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U.S. Department of Transportation U.S. Department of Transportation Icon United States Department of Transportation United States Department of Transportation

Cardiovascular Advisory Panel Guidelines for the Medical Examination of Commercial Motor Vehicle Drivers

cardio.pdf (369.78 KB)


Cardiovascular disease (CVD) is the leading cause of medical illness and sudden death in commercial motor vehicle drivers (CMV). CVD will have an increasingly powerful impact on the health and safety of CMV drivers because of its prevalence in the population, its progressive nature, the aging work force, and recent advances in diagnosis and therapy. The Federal Motor Carrier Safety Administration (FMCSA) administers the Federal Motor Carrier Safety Regulations (FMCSRs) concerning the medical qualifications of commercial drivers in interstate commerce. While only a small percentage of crashes are caused by cardiovascular disease, they are responsible for significant mortality and morbidity. The Department of Transportation (DOT) examination is an essential part of assuring a healthy CMV driver workforce. The guidelines assist medical examiners in the evaluation and certification of each person on whom they perform a DOT examination. The last DOT review of its cardiac guidelines for CMV drivers was published in December 1987. In fall, 2001, the FMCSA convened a Cardiovascular Medical Advisory Panel to develop new guidelines to reflect the medical advances that have occurred over the last 15 years. Panel members submitted medical review papers on their topics. The papers reviewed the currently accepted scientific opinion on the risks, diagnoses and treatments of numerous cardiovascular diseases. For easier use, the recommendations are summarized and placed in table format at the end of each paper.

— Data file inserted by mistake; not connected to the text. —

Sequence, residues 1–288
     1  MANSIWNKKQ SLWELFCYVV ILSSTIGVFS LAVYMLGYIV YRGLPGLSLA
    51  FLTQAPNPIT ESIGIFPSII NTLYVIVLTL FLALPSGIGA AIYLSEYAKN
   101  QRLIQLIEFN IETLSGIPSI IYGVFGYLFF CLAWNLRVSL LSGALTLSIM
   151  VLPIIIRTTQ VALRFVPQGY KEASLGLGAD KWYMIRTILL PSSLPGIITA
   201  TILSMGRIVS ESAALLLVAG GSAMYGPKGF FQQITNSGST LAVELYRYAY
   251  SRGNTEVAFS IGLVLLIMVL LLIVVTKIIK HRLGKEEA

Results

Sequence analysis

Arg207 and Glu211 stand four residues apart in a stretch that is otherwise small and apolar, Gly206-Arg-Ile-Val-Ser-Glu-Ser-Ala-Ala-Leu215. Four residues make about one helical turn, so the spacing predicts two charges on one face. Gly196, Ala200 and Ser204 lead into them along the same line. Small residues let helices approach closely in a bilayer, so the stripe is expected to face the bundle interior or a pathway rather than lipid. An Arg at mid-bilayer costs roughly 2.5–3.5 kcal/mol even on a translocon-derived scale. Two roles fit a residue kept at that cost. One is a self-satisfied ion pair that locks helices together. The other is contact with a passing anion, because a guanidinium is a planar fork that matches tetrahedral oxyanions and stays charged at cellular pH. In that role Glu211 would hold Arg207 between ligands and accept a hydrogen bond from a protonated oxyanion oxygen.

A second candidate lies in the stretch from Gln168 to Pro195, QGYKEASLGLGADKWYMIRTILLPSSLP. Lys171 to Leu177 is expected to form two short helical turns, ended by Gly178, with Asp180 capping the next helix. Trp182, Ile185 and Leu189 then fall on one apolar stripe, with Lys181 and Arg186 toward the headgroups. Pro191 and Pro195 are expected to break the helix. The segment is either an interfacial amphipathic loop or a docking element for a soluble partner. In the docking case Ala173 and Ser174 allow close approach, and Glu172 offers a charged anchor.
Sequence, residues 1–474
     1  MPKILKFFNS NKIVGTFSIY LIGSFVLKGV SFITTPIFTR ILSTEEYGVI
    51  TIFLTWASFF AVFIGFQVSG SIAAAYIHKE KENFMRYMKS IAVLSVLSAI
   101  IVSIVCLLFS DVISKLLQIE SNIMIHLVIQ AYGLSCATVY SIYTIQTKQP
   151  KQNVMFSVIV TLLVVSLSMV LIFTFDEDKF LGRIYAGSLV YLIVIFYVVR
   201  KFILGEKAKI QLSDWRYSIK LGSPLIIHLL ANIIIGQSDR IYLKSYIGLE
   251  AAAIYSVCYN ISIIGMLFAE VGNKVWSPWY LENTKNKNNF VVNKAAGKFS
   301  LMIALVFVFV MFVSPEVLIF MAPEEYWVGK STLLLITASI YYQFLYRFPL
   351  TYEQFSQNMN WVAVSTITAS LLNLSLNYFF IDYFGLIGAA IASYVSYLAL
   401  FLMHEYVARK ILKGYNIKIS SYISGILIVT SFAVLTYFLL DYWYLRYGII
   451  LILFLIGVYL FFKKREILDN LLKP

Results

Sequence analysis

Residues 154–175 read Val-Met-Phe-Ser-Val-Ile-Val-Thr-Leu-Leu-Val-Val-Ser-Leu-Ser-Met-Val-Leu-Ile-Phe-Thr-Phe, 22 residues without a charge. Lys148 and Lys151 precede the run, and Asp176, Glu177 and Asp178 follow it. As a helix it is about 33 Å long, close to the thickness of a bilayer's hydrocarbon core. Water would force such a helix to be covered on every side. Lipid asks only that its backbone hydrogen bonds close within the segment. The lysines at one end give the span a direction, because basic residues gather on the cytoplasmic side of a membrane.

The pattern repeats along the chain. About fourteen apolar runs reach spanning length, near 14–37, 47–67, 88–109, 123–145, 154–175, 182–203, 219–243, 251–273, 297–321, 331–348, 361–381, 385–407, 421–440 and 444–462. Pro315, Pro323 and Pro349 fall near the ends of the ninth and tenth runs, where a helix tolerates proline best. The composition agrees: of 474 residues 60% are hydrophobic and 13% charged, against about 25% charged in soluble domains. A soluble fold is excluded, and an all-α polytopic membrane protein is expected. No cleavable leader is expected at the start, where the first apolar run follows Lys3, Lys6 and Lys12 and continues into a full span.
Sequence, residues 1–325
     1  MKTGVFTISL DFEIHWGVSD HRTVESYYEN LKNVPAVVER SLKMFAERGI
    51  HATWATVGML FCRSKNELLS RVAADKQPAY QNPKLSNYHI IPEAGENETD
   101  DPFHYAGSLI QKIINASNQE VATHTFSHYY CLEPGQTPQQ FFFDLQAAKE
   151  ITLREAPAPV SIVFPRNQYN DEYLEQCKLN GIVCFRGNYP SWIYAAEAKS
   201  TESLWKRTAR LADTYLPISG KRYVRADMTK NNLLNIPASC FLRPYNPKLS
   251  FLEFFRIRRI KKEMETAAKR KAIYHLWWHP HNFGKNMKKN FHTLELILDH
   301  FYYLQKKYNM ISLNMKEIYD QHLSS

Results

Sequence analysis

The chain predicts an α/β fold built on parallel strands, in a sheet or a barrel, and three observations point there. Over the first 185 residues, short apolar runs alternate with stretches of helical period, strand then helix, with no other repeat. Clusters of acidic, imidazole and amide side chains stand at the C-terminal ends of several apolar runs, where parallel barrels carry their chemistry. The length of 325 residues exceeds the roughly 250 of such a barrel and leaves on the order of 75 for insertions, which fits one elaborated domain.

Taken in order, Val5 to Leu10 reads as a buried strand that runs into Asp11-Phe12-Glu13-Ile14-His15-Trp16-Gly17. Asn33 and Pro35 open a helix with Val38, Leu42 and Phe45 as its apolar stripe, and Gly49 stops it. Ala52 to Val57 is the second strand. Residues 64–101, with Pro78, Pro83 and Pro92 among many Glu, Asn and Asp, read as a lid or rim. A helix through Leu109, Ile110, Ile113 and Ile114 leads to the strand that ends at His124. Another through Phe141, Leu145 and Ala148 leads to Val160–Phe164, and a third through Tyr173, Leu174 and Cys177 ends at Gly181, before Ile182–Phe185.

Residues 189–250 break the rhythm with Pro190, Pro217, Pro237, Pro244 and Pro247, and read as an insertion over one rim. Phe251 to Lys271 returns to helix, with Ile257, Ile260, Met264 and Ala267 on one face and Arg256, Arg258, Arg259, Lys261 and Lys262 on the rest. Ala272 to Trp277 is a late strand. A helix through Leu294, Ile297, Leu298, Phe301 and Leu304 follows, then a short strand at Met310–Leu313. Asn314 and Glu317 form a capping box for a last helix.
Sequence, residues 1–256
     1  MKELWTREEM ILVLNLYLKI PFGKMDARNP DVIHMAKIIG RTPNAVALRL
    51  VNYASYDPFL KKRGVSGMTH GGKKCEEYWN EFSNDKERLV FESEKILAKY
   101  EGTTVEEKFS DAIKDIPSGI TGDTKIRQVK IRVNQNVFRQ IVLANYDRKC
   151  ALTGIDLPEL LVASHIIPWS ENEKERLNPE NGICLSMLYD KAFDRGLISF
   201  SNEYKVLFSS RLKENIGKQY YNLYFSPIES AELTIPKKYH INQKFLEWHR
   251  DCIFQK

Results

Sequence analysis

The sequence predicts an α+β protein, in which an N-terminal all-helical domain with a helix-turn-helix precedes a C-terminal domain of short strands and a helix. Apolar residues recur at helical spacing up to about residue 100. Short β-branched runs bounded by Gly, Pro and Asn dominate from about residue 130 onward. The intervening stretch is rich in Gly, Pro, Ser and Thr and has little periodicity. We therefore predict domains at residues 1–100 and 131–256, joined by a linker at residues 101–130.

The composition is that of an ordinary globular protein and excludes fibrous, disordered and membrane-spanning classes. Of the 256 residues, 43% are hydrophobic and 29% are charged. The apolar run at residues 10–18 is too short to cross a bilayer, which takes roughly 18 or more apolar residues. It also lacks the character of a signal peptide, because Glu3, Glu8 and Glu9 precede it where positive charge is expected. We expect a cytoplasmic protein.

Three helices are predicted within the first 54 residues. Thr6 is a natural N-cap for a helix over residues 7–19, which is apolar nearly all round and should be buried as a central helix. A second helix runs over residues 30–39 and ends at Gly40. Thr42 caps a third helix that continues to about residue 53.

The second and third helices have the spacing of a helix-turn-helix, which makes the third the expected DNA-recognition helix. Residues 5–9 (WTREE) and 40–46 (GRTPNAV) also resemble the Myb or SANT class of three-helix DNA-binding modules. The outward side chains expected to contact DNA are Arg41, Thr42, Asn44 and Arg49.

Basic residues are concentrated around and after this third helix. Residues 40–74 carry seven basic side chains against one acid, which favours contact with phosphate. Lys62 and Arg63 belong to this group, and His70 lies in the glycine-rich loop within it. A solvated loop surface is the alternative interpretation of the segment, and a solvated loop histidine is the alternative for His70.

Each Panel member's topic is intended to assist medical examiners in determining if the commercial vehicle driver's cardiovascular condition increases his/her risk of sudden death or incapacitation that the driver endangers their health and safety and the health and safety of the public sharing the road with them. The level of risk must be considered within the context of the setting and activity in question and what society considers acceptable. Determining acceptable risk becomes a matter of public policy and the decision to certify or disqualify a commercial driver is both a medical and a societal decision.

Last updated: Thursday, March 27, 2014